A list of the Sunderland built vessels referenced in these pages is at the top of page A list of the Sunderland shipbuilders referenced in these pages is a little lower on page Do you want to make a comment? A site guestbook is here. Austin , page bottom have had to disable it, a beautiful Lake Applet featuring a frog, since it makes access to the whole page impossible. Not sure why Internet Explorer cannot identify the applet as being harmless Corrections in any of the material which follows, however tiny, would be most welcome.
And additions, of course! Hover your mouse over each thumbnail to read the subject matter. Can you help with the history of this company? Another site page offers literature published by 'Austin', photographs etc. A part at least of that history would surely be contained in a small volume of oblong format, published by 'S. A copy of the volume was sold via eBay for GBP Alan Vickers has kindly provided scans of two pages from that issue, a two-page spread about the history of the collective 'Austin', derived from the manuscripts of James W.
The 'Corder' data is not yet included below. It would seem that the shipyard came into existence way back in ! At a date after , but at a date unstated, Peter Austin was joined in the business by his son, also named Peter Austin. I read that Peter Austin 1 's 'first registered launch was in , a brig. This was on ground called Nova Scotia, near Dame Dolly's rock. That is good information, but can anyone tell us exactly where 'Dame Dolly's rock' was located?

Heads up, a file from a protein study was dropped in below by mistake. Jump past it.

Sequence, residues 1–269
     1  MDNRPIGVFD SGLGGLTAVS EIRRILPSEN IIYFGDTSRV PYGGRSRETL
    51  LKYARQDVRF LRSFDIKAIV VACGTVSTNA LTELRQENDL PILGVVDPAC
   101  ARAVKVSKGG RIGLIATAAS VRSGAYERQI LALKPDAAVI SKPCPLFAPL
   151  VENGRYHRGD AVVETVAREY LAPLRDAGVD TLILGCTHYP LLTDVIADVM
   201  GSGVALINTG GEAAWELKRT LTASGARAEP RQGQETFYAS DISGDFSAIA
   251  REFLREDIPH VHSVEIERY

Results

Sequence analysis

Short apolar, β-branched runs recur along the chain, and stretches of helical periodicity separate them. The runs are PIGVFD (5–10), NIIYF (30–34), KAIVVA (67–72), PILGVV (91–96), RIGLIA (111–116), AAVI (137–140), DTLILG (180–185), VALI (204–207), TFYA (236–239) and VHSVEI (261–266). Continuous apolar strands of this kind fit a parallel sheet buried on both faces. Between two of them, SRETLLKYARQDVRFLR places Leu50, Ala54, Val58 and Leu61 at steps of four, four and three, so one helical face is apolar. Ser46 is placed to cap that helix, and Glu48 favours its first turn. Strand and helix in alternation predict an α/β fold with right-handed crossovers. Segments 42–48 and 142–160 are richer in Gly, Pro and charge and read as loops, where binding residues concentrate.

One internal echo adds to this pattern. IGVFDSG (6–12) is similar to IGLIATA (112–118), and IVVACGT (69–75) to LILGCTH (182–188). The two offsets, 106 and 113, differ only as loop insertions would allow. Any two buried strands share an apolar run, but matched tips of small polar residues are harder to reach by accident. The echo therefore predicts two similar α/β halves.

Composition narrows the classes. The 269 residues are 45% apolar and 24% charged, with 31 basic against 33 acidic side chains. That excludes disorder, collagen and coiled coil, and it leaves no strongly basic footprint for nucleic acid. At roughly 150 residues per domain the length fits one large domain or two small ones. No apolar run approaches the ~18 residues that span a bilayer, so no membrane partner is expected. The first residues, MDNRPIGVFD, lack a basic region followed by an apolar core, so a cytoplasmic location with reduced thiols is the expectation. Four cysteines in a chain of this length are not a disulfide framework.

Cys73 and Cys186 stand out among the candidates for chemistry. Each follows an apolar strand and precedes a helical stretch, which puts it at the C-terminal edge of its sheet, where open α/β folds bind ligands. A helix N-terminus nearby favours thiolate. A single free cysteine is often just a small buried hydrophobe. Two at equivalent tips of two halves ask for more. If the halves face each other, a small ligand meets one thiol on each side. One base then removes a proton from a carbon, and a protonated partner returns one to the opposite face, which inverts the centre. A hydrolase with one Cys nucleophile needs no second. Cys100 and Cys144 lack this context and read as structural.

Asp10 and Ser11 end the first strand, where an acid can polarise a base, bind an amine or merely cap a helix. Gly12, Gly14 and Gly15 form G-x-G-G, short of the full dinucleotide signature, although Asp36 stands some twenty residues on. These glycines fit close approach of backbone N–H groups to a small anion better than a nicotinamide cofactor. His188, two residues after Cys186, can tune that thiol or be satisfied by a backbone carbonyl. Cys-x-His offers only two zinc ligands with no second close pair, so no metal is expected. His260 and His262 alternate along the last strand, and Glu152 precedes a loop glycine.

And what happened to it? And who Dame Dorothy Williamson was? It was a large rock on North Sands. Which apparently had a beacon atop of it. This site thanks so much, yet again, George H. Graham of Tulsa, Oklahoma! It is interesting to read there that Robert Thompson , , also served his apprenticeship at the Allison yard. In Peter Austin 1 retired and his son, Peter Austin 2 'crossed to the site now occupied by the Company, where he conducted the business on his own account'.
Whatever does that sentence mean? Was North Sands abandoned or sold? Was not an entirely new business started? And where is 'the site now occupied by the Company' - the word 'now' presumably meaning I presume, however, that they mean a site on the south bank of the River Wear, east of but close to the road bridge.
Which site was previously occupied by a bottle works which had gone bankrupt. If I sound critical, I apologise. I am most sympathetic with the difficult of assembling accurate data so far into the past. Samuel Austin, I read, 'laid down a patent repair slipway, also two building berths Where does he come from and how is he related? My source is quite silent on the matter. I am advised, however, that 'The Standard' of London, referred on Nov. If you can help me figure this all out, do please be in touch.
None of it makes sense to me. Samuel Peter Austin may be the son of Peter Austin 2 to be third generation but if that is so it should have been 'P. Austin and Son', shouldn't it? Austin and Son' does not seem to make sense - where perhaps 'S. Austin and Father' would be more logical. There was, it would seem, another partnership, named ' S. Austin and Mills '. The reference to 'Mills' is apparently to George and John Mills. The 'old slipway', which I presume means the one built in , 'together with rails, cogs, cods, and cradles was taken up and shipped to a buyer in Helsingfors'.